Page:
When I first saw the title of this song, I thought “What’s with the unnecessary shortening of accompany?” It turned out to be a microcosm of my feelings about this song: Acceptable on the surface, but with just enough flaws underneath to leave my conflicted.
Ballard rose to prominence on the back of three consecutive No. 1 hits from his 2014 album Sunshine & Whiskey, and seemed poised to take the next step towards country music stardom. His follow-up album El Rio was not as well-received, however, with its first two singles only reaching #15 and #50 respectively. “You’ll Accomp’ny Me” is the third single from the album, and honestly, I’m not sure what to make of it.
The song’s strong point is definitely the production, which is centered around hard-hitting drums and electric guitars. The song starts light with some acoustic guitar and restrained finger-snap percussion, but kicks into overdrive on the choruses as the louder guitars jump in. The song builds momentum as it progresses, and does a nice job of establishing an raw, summery, outdoor-rock-concert vibe (which may seem odd in February, but Ballard’s team is likely hoping for an early/mid-summer peak), calling to mind the iconic rock bands of the 70s and 80s. All in all, I like the sound choices here.
Where I’m less enthralled with this song is the lyrics, which describe the narrator’s brazen declaration to the object of their affection that they will join the narrator on their life’s travels. Despite the singer saying that they’ll do their best to make this decision palatable to their partner, the whole thing comes off as controlling rather than romantic. It doesn’t matter if you’ve “made my mind up that it’s meant to be,” the other person still gets a say in this decision. (One could imagine Lorrie Morgan’s “What Part Of No” as a fitting answer song if said person isn’t feeling it like the singer is.)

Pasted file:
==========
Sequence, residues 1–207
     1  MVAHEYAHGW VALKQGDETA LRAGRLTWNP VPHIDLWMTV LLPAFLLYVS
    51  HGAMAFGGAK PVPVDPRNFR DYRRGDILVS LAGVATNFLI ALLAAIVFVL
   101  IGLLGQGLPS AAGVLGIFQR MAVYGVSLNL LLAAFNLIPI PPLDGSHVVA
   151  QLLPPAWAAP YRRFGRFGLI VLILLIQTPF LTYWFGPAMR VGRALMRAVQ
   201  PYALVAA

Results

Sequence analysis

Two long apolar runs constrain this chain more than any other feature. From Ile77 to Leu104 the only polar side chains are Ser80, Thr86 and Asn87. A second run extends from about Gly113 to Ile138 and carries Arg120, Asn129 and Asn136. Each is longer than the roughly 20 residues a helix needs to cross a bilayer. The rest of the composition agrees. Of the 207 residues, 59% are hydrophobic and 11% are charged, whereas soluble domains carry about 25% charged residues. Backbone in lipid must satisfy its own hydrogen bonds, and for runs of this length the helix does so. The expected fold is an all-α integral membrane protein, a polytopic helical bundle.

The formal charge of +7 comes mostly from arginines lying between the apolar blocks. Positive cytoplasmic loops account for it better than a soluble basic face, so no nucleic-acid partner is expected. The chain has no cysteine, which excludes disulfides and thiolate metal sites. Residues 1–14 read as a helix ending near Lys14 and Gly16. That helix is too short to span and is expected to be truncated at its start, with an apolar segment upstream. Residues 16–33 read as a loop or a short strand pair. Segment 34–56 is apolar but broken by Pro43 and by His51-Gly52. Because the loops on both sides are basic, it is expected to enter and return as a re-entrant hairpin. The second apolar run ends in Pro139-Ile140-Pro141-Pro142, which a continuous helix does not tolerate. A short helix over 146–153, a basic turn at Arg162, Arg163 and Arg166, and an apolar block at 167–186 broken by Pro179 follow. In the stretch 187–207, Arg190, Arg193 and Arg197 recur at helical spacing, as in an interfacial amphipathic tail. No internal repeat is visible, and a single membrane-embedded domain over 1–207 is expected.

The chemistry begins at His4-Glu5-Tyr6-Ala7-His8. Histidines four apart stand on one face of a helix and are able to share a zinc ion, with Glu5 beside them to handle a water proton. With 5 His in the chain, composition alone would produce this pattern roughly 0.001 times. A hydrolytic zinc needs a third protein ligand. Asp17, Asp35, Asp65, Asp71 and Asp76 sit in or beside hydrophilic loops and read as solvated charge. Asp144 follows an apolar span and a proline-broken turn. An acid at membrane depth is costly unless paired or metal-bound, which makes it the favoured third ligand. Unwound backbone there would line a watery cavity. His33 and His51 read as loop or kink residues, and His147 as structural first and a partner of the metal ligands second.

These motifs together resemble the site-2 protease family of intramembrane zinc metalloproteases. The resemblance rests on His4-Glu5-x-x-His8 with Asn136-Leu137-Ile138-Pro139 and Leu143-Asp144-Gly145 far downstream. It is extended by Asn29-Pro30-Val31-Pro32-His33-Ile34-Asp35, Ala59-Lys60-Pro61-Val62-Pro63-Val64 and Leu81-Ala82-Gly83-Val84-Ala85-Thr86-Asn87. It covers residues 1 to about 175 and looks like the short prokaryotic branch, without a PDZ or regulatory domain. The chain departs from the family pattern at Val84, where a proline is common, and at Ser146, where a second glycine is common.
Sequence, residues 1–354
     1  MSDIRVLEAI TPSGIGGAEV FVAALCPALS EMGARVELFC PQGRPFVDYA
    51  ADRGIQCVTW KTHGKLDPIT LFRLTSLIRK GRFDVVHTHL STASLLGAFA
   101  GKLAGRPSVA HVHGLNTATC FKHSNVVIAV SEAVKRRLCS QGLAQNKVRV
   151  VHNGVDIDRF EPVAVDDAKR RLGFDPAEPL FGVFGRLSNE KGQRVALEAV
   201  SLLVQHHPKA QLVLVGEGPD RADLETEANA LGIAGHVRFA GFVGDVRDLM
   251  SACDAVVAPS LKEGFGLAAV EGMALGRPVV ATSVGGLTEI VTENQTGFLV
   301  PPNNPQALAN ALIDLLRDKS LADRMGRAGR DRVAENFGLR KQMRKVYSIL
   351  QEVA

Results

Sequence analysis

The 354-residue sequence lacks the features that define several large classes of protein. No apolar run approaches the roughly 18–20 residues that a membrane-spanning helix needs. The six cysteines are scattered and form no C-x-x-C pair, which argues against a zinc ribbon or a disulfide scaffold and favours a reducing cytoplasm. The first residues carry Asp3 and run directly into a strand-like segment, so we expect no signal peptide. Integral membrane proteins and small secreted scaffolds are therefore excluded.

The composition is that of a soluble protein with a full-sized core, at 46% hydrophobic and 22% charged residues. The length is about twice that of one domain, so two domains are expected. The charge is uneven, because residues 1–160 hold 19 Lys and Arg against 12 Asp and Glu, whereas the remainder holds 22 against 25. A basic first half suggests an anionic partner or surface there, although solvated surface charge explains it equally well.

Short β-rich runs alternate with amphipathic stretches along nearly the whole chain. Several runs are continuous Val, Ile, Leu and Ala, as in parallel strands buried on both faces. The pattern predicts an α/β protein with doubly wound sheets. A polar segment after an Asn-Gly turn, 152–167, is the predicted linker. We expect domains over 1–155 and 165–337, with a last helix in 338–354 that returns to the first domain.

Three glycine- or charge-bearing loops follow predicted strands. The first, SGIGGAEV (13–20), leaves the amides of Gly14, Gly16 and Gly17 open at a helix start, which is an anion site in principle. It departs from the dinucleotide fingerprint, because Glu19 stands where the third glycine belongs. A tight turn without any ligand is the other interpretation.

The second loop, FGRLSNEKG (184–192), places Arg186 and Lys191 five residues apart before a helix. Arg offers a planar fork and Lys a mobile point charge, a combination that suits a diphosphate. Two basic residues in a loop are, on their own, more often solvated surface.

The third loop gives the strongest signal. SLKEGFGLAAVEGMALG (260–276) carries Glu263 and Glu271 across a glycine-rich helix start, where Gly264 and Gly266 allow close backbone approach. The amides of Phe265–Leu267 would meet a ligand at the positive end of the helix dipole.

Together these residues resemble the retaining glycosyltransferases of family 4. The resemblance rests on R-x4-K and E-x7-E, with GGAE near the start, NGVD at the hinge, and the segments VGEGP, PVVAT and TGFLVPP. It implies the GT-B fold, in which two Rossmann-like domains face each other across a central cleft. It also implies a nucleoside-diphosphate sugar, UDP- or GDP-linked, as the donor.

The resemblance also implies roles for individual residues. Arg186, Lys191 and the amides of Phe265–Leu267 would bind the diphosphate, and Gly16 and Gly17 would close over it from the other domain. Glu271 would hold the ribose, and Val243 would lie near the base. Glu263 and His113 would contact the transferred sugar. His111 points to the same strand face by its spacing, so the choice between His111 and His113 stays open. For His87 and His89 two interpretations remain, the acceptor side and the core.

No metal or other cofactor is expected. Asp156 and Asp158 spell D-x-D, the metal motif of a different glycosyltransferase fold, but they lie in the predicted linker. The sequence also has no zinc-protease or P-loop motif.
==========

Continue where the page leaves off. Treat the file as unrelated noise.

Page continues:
While other singers have made declarations like this to prospective lovers in the past (Cole Swindell’s “Middle Of A Memory” comes to mind), Ballard comes across as a bit more pushy and hard-headed about the idea. Part of this is by design: The slicked-back hair and leather jackets in Ballard’s promotional material suggest that he’s going for an old-school, bad boy, “Rebel Without A Cause” image, and this is exactly the kind of song a character like that would sing. Unfortunately, this is 2017, not 1955, and when Ballard tries to come across as edgy and stubborn yet earnest and heartfelt, he just ends up sounding kind of creepy.
Overall, “You’ll Accomp’ny Me” is a nice-sounding song, but the sonic sheen hides a darker side to the song that just doesn’t hold up in this day and age. I could see this doing really well or tanking really hard, and the result could be the difference being Ballard becoming the next James Dean or a “Rebel Without A Career.”
Rating: 5/10. I was pretty torn on this one, so you’ll want to give this a few listens before deciding whether to buy it or skip it.